With a National Highway Traffic Safety Administration probe underway, area police departments are looking at their Ford Explorer sport utility vehicles after seeing reports nationwide that they may expose officers to increased levels of carbon monoxide.
“We have them and we know about it,” Berlin Deputy Chief John Klett said. Berlin police have six Ford Police Interceptor utility vehicles, which essentially have a Ford Explorer body, Klett said.
As complaints from around the nation began to escalate, the department had the town’s chief mechanic, Jim Simons, inspect the vehicles. Simons determined that the models that have the problem have a rear-cabin ventilation system, which none of the Berlin cruisers have, Klett said.
“Ours don’t appear to be affected,” Klett said. “We were told we don’t have that unit.”
Ford marketed the SUVs to police departments as an alternative to the traditional Crown Victoria and other sedans. Every department in central Connecticut now uses the vehicles in some capacity.
Police in Berlin, Plainville, New Britain, and Bristol are all taking measures to keep officers safe. Local officials said they have not received any reports of officers becoming sick while driving the vehicles.
“The primary concern for us is officer safety and officer health,” New Britain Police Chief James Wardwell said. “We can’t protect the public if our officers aren’t safe and healthy.”
The NHTSA is investigating Ford Explorers, including the Police Interceptors, from the 2011 to 2017 model years, according to an NHTSA report. More than 1.3 million Explorers in the model years under examination are on the road.
The NHTSA acknowledged that many of the complaints have come from police departments that use the Police Interceptor version of the Explorer.
The NHTSA began investigating the vehicles in 2016 after Ford and the agency received numerous complaints from consumers, including police departments. The complaints ranged from loss of consciousness in a few cases to nausea, headaches and lightheadedness, the NHTSA said.
In the past week, the Austin, Texas, Police Department has pulled 446 Ford Explorer SUV’s off the road after receiving 62 workers compensation claims in five months related to elevated levels of carbon monoxide, The Associated Press and CNN Money reported.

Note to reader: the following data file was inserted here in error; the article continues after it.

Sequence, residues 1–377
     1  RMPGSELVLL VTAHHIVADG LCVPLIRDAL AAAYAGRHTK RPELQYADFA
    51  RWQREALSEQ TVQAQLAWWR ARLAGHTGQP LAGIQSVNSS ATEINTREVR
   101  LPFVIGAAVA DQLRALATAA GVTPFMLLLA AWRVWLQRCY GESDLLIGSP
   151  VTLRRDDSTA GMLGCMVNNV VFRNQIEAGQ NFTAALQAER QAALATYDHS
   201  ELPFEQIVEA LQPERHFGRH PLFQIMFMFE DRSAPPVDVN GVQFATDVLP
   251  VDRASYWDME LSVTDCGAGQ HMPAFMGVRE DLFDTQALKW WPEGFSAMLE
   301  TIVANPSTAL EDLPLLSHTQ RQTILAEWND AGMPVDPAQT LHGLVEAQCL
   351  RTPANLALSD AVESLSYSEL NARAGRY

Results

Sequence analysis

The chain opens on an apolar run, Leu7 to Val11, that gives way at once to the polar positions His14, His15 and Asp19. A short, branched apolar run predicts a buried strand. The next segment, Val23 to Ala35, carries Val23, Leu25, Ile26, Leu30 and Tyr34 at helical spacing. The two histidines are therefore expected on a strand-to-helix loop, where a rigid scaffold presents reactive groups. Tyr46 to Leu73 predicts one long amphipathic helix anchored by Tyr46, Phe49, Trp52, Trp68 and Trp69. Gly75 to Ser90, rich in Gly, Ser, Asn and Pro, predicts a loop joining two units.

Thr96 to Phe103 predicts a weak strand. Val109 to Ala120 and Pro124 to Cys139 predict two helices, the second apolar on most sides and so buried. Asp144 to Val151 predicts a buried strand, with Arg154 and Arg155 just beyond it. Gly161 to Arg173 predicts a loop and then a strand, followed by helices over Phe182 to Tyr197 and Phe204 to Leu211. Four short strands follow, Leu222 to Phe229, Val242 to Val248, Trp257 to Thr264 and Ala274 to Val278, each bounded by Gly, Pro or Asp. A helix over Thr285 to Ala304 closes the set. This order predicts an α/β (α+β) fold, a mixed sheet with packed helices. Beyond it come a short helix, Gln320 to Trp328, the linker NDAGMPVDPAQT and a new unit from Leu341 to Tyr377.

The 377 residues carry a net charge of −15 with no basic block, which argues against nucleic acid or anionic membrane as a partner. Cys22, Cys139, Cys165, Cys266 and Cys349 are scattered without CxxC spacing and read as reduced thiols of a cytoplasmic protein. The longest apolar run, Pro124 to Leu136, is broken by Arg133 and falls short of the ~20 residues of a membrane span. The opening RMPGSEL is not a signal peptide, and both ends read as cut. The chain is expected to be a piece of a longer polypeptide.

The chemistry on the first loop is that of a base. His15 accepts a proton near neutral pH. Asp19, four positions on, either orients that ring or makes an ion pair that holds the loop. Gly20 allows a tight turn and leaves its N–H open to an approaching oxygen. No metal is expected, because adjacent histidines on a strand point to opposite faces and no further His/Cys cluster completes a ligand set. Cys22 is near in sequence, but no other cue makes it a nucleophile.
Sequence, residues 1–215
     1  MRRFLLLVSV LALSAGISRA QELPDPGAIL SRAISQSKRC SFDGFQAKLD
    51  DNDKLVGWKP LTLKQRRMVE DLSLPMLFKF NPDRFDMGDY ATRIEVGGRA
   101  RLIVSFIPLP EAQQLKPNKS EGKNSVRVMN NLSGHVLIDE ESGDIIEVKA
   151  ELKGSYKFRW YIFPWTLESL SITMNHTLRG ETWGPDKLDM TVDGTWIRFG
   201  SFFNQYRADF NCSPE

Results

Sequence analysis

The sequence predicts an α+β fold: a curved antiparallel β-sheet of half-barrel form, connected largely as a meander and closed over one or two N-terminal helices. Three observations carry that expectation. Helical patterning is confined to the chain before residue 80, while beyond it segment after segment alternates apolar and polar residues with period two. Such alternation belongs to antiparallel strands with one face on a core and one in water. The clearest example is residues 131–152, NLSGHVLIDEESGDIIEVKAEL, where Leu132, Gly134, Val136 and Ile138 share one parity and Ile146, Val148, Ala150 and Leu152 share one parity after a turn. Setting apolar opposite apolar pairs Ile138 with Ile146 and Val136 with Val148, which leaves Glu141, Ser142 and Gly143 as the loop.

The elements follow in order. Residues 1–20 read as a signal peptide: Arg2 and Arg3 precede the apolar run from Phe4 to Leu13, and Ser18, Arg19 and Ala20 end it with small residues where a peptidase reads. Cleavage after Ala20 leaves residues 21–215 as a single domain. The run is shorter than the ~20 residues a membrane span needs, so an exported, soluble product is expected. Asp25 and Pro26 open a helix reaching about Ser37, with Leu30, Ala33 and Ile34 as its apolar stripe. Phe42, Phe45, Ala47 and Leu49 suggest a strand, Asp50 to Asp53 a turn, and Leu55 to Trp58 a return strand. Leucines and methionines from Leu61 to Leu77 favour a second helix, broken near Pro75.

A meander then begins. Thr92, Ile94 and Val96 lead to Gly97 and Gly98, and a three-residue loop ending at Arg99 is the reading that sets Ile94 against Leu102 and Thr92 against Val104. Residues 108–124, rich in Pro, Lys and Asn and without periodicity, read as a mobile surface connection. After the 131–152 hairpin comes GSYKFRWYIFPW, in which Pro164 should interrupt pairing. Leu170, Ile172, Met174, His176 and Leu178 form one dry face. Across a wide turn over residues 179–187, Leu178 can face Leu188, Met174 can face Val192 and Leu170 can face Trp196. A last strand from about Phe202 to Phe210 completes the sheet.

An Auburn, Mass., police officer fell asleep behind the wheel Wednesday and rear-ended a car, AP said. He was driving one of the department’s Ford Explorer SUVs. The department’s 10 Explorers were taken off the road.
Area police departments have not experienced the same problems. But they are taking the issue seriously, Wardwell said.
“We have a coordinated effort to inspect every vehicle,” Wardwell said, which involved the city garage, the fleet officer and an offsite contractor used by the city to install aftermarket items in new police vehicles.
Wardwell has instructed officers to keep their cruiser windows open at least a crack while the engine is running. There will also be a new inspection protocol. The department has 26 Police Interceptors.
“We have been looking at this for weeks,” Wardwell said, but no conclusions have been reached.
Theories on what could cause elevated levels of carbon monoxide range from improperly installed aftermarket items that police vehicles require to exhaust manifold cracks, which the NHTSA said it will be looking at as the investigation continues.
Plainville police put carbon monoxide detectors in the seven Explorers that are part of their patrol fleet, Lt. Nicholas Mullins said. “We installed the carbon monoxide detectors as a precaution,” Mullins said. “We’re monitoring what’s happening with this very closely.”
Lisa Backus can be reached at 860-801-5066 or Lbackus@centralctcommunications.com.